Bernard's victories, love for game only grow Softball: Senior Jan Bernard's passion for the sport, and her right arm, have helped her and Old Mill through tough times.

April 13, 1997|By Bill Free | Bill Free,SUN STAFF

Jen Bernard walks off the softball field at Old Mill after pitching another spectacular game and a young admirer says, "Hey, Jen Bernard, will you teach me how to throw a curve?"

"Sure," says Bernard with a lot of enthusiasm in her voice.

The next day, Bernard walks down a hall at Old Mill, and many of her classmates say, "I read about you in the paper today."

The senior right-hander smiles and feels good about her accomplishments for the Patriots in a standout four-year career that is heading into the home stretch.

In 291 2/3 innings to date, Bernard has struck out 314 hitters, walked 49, compiled a 1.51 ERA, pitched one no-hitter and four three-hitters, produced nine shutouts and a 24-17 record.

Even more important than the glowing stats is the obvious love for the game this pitcher displays.

That love has endeared her to softball fans throughout the county and has carried her through the tough times in a softball program that doesn't feature much hitting and doesn't attract many select-team or summer-ball players.

But that image was tested severely over the past week in costly losses to fourth-ranked Chesapeake and ninth-ranked North County, when Bernard's defense deserted her at times.

The Chesapeake setback by a 6-3 score was especially hard to take, because Bernard allowed just one earned run on a day that three errors led to five runs.

Another test came just three days after it looked as if Bernard just might be able to carry the Patriots to greater heights this season with her iron-man pitching -- an 11-inning, 1-0 shutout win over longtime nemesis Glen Burnie.

"This team just didn't show up to play against Chesapeake, and the same was true in the North County game," said an extremely disappointed Bernard of the third-ranked Patriots, who dropped to 4-4 with the two losses in three days.

"Every game, I give all I got, because I want to win every game. I have a passion for the game and am out there pitching my heart out. It's the most important thing in my life.

"I think a lot of girls on my team are playing just for something to do. I want to play as long as I can and then be a college coach. I want to coach in college because I can recruit players. In high school, you have to take what you get. It would be great to get paid for coaching a sport I love."

Next year, Bernard will be pitching for Campbell (N.C.) University on a "99 percent scholarship" and is looking forward to playing in the warmer weather in the South.

"I also like the way everybody gets along on the Campbell team," she said. "That is a must for any team to be successful. The players down there are also kicked back, and I like that."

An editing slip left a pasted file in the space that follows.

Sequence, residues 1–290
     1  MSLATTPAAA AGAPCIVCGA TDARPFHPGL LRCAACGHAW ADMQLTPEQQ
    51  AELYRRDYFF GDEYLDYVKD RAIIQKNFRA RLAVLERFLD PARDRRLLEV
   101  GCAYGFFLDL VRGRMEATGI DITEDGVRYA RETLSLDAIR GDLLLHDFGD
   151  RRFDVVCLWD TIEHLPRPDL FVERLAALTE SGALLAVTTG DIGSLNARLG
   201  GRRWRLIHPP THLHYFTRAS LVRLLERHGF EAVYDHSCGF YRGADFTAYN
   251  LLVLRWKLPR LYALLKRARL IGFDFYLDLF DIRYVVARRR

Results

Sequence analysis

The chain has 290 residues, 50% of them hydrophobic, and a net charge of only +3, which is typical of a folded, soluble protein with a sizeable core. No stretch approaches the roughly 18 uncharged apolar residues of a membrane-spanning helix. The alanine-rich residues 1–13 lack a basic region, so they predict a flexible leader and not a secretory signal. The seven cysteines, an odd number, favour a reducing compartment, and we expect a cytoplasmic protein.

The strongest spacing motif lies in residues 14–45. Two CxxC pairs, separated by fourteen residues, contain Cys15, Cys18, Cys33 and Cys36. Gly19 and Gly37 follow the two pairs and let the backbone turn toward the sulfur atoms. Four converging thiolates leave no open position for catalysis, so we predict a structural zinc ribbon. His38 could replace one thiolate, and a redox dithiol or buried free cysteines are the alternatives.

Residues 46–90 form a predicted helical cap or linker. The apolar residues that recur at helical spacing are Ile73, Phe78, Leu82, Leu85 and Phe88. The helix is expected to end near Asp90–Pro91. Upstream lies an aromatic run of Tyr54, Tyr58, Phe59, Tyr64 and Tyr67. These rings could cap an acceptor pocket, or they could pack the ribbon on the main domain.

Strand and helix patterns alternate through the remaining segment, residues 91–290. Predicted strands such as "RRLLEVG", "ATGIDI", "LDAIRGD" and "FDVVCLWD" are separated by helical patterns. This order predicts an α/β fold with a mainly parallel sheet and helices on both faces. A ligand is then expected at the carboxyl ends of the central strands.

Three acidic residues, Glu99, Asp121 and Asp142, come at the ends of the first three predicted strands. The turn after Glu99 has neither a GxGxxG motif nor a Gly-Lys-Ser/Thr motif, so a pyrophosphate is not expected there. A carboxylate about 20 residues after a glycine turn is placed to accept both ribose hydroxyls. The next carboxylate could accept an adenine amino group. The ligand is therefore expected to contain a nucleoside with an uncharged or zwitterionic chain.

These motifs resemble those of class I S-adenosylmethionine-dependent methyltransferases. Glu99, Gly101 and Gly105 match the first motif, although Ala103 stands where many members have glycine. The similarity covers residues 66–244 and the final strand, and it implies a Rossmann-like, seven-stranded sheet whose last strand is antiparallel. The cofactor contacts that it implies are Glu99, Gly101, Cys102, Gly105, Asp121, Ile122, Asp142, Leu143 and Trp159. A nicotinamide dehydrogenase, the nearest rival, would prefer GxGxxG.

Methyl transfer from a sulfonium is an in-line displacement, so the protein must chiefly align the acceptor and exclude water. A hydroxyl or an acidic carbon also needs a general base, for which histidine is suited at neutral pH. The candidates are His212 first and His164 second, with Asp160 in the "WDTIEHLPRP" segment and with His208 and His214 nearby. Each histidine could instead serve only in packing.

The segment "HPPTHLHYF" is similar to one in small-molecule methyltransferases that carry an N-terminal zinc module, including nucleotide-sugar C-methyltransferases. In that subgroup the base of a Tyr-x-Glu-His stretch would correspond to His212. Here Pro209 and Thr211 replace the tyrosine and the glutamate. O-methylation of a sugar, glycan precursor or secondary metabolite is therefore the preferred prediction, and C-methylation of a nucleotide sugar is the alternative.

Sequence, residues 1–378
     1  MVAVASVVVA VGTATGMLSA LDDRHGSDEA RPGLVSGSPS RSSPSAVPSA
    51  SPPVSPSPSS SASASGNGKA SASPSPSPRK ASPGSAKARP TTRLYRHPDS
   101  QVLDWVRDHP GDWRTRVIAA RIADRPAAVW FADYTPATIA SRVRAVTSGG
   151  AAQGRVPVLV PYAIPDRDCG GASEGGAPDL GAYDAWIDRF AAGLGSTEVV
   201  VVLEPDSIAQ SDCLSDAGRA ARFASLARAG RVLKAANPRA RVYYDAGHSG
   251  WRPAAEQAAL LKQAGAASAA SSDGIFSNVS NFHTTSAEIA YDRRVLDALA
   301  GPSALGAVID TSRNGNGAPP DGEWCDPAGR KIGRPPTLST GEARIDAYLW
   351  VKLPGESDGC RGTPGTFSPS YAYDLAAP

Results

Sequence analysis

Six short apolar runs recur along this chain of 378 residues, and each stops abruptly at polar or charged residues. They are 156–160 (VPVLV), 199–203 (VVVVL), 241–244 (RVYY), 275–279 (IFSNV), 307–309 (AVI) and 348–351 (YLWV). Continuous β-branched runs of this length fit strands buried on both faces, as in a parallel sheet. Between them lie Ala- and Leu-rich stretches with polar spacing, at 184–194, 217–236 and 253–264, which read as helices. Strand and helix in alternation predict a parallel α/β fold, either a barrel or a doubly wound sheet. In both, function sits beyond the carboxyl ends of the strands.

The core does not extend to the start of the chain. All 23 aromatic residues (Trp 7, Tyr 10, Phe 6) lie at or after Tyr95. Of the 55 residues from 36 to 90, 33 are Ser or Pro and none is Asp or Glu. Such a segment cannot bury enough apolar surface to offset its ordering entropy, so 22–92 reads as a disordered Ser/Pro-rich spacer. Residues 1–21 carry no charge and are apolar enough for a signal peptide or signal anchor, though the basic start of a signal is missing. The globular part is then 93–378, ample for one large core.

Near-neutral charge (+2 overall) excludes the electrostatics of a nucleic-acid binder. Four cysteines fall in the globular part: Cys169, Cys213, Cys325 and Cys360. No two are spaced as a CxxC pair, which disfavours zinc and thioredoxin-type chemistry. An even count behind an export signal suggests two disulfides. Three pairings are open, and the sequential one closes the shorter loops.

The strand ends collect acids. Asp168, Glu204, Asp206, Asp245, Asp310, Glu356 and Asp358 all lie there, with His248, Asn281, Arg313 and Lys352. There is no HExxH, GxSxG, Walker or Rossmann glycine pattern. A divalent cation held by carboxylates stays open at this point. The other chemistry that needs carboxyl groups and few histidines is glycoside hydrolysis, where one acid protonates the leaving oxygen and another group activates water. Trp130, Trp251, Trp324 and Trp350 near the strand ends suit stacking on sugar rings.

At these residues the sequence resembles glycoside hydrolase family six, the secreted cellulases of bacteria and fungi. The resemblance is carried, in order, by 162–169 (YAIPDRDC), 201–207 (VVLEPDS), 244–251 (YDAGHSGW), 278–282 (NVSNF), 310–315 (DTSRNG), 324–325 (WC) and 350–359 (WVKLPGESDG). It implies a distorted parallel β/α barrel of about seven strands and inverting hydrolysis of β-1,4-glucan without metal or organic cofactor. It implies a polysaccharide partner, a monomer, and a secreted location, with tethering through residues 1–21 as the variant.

The road to Campbell began for Bernard as a 10-year-old who was the only girl playing baseball against boys in the Harundale Youth Sports League. She was a pitcher and shortstop and made the All-Star team, which advanced all the way to Puerto Rico for a 10-and-under world series.

One of the other players on that All-Star team was Mike Ziegler, now the top pitcher on Old Mill's baseball team.

"I never really thought about how Mike and I both went on to be the best on our high school teams," said Bernard, whose seven pitches include a fastball, curve, screwball, rise ball, drop ball, knuckleball and drop curve. "Those days seem so far away. But I have to believe that a lot of my drive and desire for the game came from playing against boys."

One thing she will never forget about those youth league baseball days is "the moms from the other teams yelling for me to strike out their sons."

"I was a tomboy and I don't think the fathers cared much for me playing, but the mothers were all for me," said Bernard.

But she gave up baseball for softball at the age of 11 when the "guys were getting bigger and stronger and I was staying the same size."

Three years later, Old Mill coach Lori Darnall took one look at Bernard in practice and knew she had a gem.

"The first thing about her was the speed she had on the ball, and she had control, and the ball moved," said Darnall. "The next question was, 'Could she do it under pressure and know what pitches to throw?' Obviously, she could because of her vast background in summer ball."

Asked when she realized she was going to be something special as a player, Bernard replied: "I never thought of it as being special, because I'm just doing something I love."

Pub Date: 4/13/97

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